EDMONTON — Alberta is banning most visits to long-term care and group homes to try to limit the spread of COVID-19.
“Residents of all continuing-care sites are at extreme risk if exposed to COVID-19, and we are doing everything possible to ensure their safety,” the province’s chief medical health officer, Dr. Deena Hinshaw, said in a release Tuesday.
“I know this will have a profound impact on the lives of those residents and their families. This is not a step that we take lightly.”
Hinshaw is urging Albertans to instead reach out to their loved ones by phone, video “and any other means possible.”
No visits are allowed unless a resident is dying or if the visitor is delivering essential care that staff can’t provide.
Only one family member, friend or religious leader will be able to visit a dying resident at a time, and they will not be allowed to interact with other residents.
Visitors are to have their temperatures checked and will have to fill out a questionnaire before going inside. Anyone who is sick will not be allowed in and all visitors will have to cover their faces.
The new rules apply to all licensed supportive living, long-term care and other continuing care facilities, as well as residential addiction treatment operators.
On Friday, the province ordered care homes to notify public health authorities, residents, families and staff as soon as anyone shows symptoms.
Staff who work at multiple homes are to immediately inform their supervisors if they are working somewhere with a suspected, probable or confirmed outbreak. In the case of a confirmed outbreak, staff must stick to working at one facility.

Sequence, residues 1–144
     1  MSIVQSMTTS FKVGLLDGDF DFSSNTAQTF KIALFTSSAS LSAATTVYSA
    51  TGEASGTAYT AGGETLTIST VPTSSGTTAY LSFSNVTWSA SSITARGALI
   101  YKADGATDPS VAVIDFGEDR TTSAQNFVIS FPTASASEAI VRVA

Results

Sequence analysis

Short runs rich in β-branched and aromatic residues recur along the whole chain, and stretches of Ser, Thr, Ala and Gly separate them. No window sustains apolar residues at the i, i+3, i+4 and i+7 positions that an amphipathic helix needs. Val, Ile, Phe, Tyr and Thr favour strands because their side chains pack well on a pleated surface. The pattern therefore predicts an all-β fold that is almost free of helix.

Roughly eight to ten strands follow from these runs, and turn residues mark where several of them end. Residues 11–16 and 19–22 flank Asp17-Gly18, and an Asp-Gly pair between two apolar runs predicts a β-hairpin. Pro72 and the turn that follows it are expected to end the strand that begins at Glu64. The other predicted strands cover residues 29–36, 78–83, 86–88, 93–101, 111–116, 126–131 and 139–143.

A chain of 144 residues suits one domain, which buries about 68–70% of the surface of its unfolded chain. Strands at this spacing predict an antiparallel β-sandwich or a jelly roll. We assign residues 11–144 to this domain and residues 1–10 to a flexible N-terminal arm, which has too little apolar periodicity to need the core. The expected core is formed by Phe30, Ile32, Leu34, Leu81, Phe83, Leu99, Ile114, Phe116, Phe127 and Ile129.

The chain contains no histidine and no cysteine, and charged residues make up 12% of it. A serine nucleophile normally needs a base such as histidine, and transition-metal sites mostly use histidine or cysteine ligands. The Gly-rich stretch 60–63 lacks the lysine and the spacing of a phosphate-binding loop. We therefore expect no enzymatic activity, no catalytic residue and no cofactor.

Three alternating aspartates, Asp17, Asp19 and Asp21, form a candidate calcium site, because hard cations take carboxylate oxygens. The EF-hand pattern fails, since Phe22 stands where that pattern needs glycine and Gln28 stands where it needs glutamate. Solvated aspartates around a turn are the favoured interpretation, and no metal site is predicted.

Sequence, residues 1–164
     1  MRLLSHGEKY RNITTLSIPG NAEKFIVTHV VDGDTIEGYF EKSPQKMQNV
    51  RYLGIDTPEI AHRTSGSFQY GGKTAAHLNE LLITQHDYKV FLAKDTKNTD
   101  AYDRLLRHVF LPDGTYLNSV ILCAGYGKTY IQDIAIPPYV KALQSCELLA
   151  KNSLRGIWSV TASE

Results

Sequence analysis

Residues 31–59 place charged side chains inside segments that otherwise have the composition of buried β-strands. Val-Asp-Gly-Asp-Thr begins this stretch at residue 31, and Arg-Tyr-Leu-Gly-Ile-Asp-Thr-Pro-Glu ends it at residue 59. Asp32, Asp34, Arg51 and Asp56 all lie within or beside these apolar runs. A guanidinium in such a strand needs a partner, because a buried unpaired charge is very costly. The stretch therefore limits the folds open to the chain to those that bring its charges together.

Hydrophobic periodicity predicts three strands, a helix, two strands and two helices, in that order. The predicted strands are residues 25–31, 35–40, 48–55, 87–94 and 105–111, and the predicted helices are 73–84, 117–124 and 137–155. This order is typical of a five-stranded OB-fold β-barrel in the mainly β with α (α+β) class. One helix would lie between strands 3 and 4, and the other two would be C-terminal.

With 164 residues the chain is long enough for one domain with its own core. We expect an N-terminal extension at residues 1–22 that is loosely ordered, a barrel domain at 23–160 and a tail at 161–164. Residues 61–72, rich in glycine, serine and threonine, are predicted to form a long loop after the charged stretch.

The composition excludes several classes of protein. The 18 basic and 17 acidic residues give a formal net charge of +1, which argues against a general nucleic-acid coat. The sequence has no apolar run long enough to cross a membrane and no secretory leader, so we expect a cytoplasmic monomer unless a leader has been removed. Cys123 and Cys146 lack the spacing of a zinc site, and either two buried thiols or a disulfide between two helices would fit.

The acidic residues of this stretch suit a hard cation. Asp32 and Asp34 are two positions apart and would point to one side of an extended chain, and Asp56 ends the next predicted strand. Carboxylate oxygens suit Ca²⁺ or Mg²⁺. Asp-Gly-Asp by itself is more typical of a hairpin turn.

As of Tuesday, there were 130 confirmed COVID-19 cases at continuing-care homes in Alberta. Twelve of the province’s 26 deaths have been of residents at the McKenzie Towne Continuing Care Centre in Calgary, where at least 52 residents and 36 staff have been infected.
Renee Laboucane, whose mother Doreen Gauvreau died Monday at the McKenzie Towne home, said having a plan for loved ones to communicate with residents is crucial. Her father and uncle are in the same care centre.
“All of our mental health was at risk, as was the mental health of our parents,” she said by video at an Opposition NDP news conference Tuesday.
She said staffing levels have also been an issue, as many workers are forced to isolate or have someone compromised at home.
“Start having those honest conversations with staff right now to find out who will continue to work in the event of an outbreak.”
Laboucane’s cousin Nina Vaughan, whose father was one of the first to be diagnosed with COVID-19 at McKenzie Towne, said she hopes Alberta’s United Conservative government learns from what happened.
“I just think it’s unfathomable that half of the deaths in the province happened in that one building,” she said at the news conference.
“We’ve got to be able to do better in the next building that has an outbreak like this.”
The NDP is calling for hazard pay for front-line workers at seniors’ care homes and priority access to personal protective equipment.
It is also urging a ban on staff moving between facilities, a co-ordinated provincial hiring and training plan and stress tests to gauge how well a facility can care for residents if staffing levels drop.
“It’s clear that McKenzie Towne was not prepared for the dramatic loss of staff that they are experiencing and we can’t let that happen at other residences across the province,” NDP Leader Rachel Notley said.
— By Lauren Krugel in Calgary
This report by The Canadian Press was first published April 7, 2020
The Canadian Press